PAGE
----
|Mountain name||Mount Song|
|Address||Dengfeng, Zhengzhou, Henan|
Shaolin Monastery or Shaolin Temple (Chinese: 少林寺; pinyin: shao lin si) is a Buddhist temple in Dengfeng county, Zhengzhou, Henan province, China. The temple is situated in a forest (林; lin) of Shaoshi (少室; shao shi) mountain, one of the seven peaks of Song mountains (嵩山; song shan). Hence the temple has been named Shaolin. It is 1500 years old now. Shaolin is the birthplace of Dhyana (Zen) Buddhism. It is one of the four holy Buddhist temples of China. Shaolin is also allegedly the first establishment that institutionalized kung fu. Because of its association with Shaolin Kung Fu and contributions in development of other Chinese martial arts, it is considered the cradle of kung fu. So that the Chinese saying goes: "All martial arts under heaven arose out of Shaolin."
The first Shaolin Monastery abbot was Batuo (also called Fotuo or Buddhabhadra) a dhyana master who came to China from India2 in 464 AD or from Greco-Buddhist Central Asia3 to spread Buddhist teachings.
According to the Continued Biographies of Eminent Monks (645 AD) by Daoxuan, Shaolin Monastery was built on the north side of Shaoshi, the central peak of Mount Song, one of the Sacred Mountains of China, by Emperor Xiaowen of the Northern Wei Dynasty in 477 AD. Yang Xuanzhi, in the Record of the Buddhist Monasteries of Luoyang (547 AD), and Li Xian, in the Ming Yitongzhi (1461), concur with Daoxuan's location and attribution. The Jiaqing Chongxiu Yitongzhi (1843) specifies that this monastery, located in the province of Henan, was built in the 20th year of the Taihe era of the Northern Wei Dynasty, that is, the monastery was built in 495 AD.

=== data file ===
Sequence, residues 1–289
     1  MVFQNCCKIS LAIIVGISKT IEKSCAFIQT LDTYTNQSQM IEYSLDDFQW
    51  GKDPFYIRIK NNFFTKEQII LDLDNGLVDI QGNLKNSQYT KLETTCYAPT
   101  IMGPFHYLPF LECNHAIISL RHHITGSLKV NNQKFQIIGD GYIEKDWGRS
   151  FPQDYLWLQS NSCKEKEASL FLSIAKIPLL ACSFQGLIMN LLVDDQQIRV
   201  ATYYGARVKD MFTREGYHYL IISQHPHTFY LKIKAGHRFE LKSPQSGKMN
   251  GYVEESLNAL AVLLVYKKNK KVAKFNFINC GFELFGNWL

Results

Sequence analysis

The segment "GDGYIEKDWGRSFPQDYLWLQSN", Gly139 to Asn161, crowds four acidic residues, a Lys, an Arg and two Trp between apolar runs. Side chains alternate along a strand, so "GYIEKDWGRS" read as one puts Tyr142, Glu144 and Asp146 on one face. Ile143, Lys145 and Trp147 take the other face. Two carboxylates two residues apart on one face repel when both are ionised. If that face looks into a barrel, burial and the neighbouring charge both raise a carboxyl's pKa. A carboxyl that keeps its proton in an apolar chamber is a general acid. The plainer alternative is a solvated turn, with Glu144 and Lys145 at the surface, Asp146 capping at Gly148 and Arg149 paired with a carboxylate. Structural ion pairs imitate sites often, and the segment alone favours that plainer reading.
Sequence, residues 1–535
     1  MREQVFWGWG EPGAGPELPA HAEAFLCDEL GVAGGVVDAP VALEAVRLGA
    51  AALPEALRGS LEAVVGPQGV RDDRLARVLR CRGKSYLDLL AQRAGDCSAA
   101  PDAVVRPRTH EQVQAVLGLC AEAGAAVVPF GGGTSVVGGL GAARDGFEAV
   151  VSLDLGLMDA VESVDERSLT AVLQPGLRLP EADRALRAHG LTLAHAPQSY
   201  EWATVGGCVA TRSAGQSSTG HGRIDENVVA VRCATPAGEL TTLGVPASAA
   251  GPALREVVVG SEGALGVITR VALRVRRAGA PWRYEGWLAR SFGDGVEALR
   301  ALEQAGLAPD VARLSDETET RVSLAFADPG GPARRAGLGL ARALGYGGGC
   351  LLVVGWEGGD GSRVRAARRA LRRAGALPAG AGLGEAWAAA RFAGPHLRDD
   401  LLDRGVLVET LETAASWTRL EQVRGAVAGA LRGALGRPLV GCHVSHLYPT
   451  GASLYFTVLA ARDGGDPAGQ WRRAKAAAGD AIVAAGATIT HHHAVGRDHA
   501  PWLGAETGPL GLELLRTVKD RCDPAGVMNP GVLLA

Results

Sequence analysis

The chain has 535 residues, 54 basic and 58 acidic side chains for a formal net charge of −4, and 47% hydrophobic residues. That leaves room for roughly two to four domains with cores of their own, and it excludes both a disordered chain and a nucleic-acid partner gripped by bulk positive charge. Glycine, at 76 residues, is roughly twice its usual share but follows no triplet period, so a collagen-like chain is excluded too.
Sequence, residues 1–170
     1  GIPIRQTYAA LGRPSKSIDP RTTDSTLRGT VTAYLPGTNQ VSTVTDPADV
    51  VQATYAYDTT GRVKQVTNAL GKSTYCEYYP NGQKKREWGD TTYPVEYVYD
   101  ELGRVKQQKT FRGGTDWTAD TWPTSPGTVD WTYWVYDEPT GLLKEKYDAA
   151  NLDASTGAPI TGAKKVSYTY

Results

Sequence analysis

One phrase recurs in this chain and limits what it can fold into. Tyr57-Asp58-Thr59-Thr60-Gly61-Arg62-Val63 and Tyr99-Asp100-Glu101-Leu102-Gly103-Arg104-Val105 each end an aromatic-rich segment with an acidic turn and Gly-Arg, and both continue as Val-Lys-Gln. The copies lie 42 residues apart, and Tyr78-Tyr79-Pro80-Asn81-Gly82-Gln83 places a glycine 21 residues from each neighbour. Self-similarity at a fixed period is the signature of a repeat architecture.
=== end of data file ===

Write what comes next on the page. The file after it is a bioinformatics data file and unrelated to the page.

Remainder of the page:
Traditionally Bodhidharma is credited as founder of the martial arts at the Shaolin Temple. However, martial arts historians have shown this legend stems from a 17th-century qigong manual known as the Yijin Jing.5
The authenticity of the Yi Jin Jing has been discredited by some historians including Tang Hao, Xu Zhen and Matsuda Ryuchi. This argument is summarized by modern historian Lin Boyuan in his Zhongguo wushu shi:
As for the "Yi Jin Jing" (Muscle Change Classic), a spurious text attributed to Bodhidharma and included in the legend of his transmitting martial arts at the temple, it was written in the Ming dynasty, in 1624, by the Daoist priest Zining of Mt. Tiantai, and falsely attributed to Bodhidharma. Forged prefaces, attributed to the Tang general Li Jing and the Southern Song general Niu Gao were written. They say that, after Bodhidharma faced the wall for nine years at Shaolin temple, he left behind an iron chest; when the monks opened this chest they found the two books "Xi Sui Jing" (Marrow Washing Classic) and "Yi Jin Jing" within. The first book was taken by his disciple Huike, and disappeared; as for the second, "the monks selfishly coveted it, practicing the skills therein, falling into heterodox ways, and losing the correct purpose of cultivating the Real. The Shaolin monks have made some fame for themselves through their fighting skill; this is all due to having obtained this manuscript." Based on this, Bodhidharma was claimed to be the ancestor of Shaolin martial arts. This manuscript is full of errors, absurdities and fantastic claims; it cannot be taken as a legitimate source.6